There are also plans to use that space for special events, including a breakfast under the stars event that will serve as a grand opening for the restaurant, and regular “smoke” nights where ribs and other meats will be served from a massive smoker.
Although the venture will be Young’s own, he said he sees it as being spiritually connected to Burkett’s larger effort to put a new face on a gentrifying Five Points by bringing in Black businesses.
For Young, that means expanding on the concept he instilled at the Welton Street restaurants, creating dining spaces where the broader Denver community can appreciate and learn about Black culture.
“When you go to a Chinese restaurant or a Greek restaurant you get that culture,” Young said. “And that’s what we want to deliver here with a Black experience.”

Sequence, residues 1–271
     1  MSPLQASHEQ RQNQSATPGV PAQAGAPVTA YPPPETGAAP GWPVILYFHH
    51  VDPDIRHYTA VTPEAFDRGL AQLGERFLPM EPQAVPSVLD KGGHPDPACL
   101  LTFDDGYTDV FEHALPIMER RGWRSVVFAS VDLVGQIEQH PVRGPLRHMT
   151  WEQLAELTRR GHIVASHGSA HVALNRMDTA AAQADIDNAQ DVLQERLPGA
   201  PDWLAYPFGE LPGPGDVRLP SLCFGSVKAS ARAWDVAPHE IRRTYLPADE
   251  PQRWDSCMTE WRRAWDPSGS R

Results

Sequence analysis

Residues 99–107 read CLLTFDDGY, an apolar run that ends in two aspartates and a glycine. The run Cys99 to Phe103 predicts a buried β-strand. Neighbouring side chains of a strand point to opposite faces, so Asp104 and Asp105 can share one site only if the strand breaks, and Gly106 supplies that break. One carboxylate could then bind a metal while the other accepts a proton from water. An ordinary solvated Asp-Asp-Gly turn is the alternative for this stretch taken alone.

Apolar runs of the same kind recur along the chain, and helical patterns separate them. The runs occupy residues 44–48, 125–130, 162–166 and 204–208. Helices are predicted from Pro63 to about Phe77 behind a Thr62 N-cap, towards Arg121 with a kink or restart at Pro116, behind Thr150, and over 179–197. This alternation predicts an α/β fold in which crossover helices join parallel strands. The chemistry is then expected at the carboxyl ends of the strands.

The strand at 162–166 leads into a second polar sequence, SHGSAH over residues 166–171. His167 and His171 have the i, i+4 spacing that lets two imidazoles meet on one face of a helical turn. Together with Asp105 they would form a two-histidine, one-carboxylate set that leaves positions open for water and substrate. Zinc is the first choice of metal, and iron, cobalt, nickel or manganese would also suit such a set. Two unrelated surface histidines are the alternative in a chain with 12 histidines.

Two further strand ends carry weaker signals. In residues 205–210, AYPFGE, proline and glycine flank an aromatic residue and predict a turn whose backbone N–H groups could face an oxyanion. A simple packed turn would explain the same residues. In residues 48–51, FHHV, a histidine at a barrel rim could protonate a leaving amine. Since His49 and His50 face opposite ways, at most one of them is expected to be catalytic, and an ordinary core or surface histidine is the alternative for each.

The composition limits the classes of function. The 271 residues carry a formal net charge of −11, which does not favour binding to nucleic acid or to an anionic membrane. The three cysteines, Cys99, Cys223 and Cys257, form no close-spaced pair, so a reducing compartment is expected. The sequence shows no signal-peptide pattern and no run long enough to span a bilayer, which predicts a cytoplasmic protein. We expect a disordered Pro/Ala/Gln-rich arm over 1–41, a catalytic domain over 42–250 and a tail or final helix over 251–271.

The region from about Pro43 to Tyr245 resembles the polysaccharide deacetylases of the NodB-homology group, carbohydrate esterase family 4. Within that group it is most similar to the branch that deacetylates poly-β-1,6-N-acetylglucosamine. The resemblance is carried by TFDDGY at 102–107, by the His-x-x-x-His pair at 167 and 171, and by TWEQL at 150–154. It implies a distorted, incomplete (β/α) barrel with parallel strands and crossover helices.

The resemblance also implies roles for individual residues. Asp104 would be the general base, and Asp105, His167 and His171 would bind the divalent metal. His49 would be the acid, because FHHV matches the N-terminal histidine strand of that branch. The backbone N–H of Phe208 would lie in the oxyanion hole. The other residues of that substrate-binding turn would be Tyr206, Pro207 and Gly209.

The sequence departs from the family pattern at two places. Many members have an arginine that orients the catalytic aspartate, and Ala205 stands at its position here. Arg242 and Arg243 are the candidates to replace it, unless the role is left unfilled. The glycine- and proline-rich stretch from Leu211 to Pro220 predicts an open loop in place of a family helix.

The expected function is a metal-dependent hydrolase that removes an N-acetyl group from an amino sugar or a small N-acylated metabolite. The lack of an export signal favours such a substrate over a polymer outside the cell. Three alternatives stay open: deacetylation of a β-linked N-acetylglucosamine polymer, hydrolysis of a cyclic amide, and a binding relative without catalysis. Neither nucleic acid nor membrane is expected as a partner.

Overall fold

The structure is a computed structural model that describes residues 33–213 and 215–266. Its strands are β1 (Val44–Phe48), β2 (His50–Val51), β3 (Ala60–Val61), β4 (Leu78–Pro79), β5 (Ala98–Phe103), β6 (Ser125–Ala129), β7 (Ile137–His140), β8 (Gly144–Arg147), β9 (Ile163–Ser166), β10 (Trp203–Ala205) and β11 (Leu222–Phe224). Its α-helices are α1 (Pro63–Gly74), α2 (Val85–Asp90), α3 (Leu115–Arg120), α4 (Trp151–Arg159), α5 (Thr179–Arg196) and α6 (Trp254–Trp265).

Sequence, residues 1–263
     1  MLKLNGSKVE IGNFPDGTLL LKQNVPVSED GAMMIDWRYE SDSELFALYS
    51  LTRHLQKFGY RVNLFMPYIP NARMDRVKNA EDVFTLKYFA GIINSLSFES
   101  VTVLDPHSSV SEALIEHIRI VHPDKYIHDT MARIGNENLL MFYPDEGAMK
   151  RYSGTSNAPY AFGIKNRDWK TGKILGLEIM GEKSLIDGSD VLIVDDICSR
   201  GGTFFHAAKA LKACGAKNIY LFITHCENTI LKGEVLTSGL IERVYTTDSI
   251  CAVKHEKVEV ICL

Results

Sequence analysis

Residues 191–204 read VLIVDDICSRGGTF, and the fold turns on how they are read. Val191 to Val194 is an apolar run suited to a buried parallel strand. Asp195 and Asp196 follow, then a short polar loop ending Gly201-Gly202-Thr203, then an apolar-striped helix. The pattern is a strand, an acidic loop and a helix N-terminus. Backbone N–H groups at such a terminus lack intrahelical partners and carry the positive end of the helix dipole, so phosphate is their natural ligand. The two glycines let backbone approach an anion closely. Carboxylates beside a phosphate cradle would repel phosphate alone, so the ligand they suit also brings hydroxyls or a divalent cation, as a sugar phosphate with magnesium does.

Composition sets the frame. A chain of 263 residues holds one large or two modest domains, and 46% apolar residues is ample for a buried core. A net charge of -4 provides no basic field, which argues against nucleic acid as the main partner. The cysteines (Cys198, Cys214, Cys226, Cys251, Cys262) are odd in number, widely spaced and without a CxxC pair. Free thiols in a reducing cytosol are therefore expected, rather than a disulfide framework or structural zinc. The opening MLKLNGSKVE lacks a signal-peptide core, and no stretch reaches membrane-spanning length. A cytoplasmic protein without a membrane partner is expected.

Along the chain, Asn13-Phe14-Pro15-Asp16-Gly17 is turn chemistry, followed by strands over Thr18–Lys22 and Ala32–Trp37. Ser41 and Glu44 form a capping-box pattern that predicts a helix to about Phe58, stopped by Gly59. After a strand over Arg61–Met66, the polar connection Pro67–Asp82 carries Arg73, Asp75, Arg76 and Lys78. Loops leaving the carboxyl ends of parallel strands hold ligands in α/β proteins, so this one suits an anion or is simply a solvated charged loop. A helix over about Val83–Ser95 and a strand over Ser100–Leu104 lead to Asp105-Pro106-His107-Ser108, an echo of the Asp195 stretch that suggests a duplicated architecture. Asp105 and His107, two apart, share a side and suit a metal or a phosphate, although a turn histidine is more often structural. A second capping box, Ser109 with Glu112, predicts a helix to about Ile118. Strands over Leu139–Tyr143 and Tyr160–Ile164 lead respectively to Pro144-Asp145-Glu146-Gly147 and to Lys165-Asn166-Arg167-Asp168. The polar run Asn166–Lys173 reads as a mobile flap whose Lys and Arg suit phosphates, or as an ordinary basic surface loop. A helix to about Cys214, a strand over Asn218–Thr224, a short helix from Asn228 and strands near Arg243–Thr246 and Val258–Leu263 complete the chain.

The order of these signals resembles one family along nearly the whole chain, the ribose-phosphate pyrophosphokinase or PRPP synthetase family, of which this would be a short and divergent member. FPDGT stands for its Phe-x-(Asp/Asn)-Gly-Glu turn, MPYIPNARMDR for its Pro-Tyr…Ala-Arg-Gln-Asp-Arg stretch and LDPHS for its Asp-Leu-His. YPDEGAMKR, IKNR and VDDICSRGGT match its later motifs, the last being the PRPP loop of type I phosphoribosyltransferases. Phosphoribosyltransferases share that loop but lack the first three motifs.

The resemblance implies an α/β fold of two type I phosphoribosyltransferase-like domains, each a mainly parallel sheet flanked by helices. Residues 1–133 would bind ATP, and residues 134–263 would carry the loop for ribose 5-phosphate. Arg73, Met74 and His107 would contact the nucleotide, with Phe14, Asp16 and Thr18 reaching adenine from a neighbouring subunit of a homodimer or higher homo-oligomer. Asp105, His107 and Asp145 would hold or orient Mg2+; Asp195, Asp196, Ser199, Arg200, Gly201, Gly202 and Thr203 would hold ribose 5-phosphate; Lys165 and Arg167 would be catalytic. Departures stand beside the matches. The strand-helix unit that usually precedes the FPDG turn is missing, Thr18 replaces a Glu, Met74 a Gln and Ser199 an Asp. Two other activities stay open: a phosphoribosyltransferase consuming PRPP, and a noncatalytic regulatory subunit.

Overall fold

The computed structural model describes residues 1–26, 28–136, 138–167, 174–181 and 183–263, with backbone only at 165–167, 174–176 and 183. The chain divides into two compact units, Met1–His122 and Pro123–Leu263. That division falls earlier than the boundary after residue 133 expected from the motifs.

To that end, Young said he is reaching out to African-American-owned wineries, breweries and other food and drink producers that can provide their products to the restaurant in an effort to provide opportunities for those purveyors to showcase themselves.
But even as he seeks to provide a dining experience that is imbued with Black culture, Young said the new spaces will cater to all kinds of people and try “to reach out to everybody.”
“The history of Five Points has been about the fight to sustain that African-American identity,” Young said. “But I think now, in today’s world in Denver, we’ve got to be more broad than that and share the community. And if we want to be a part of the community, we’ve got to do things like what I am doing right now and invest in the community.”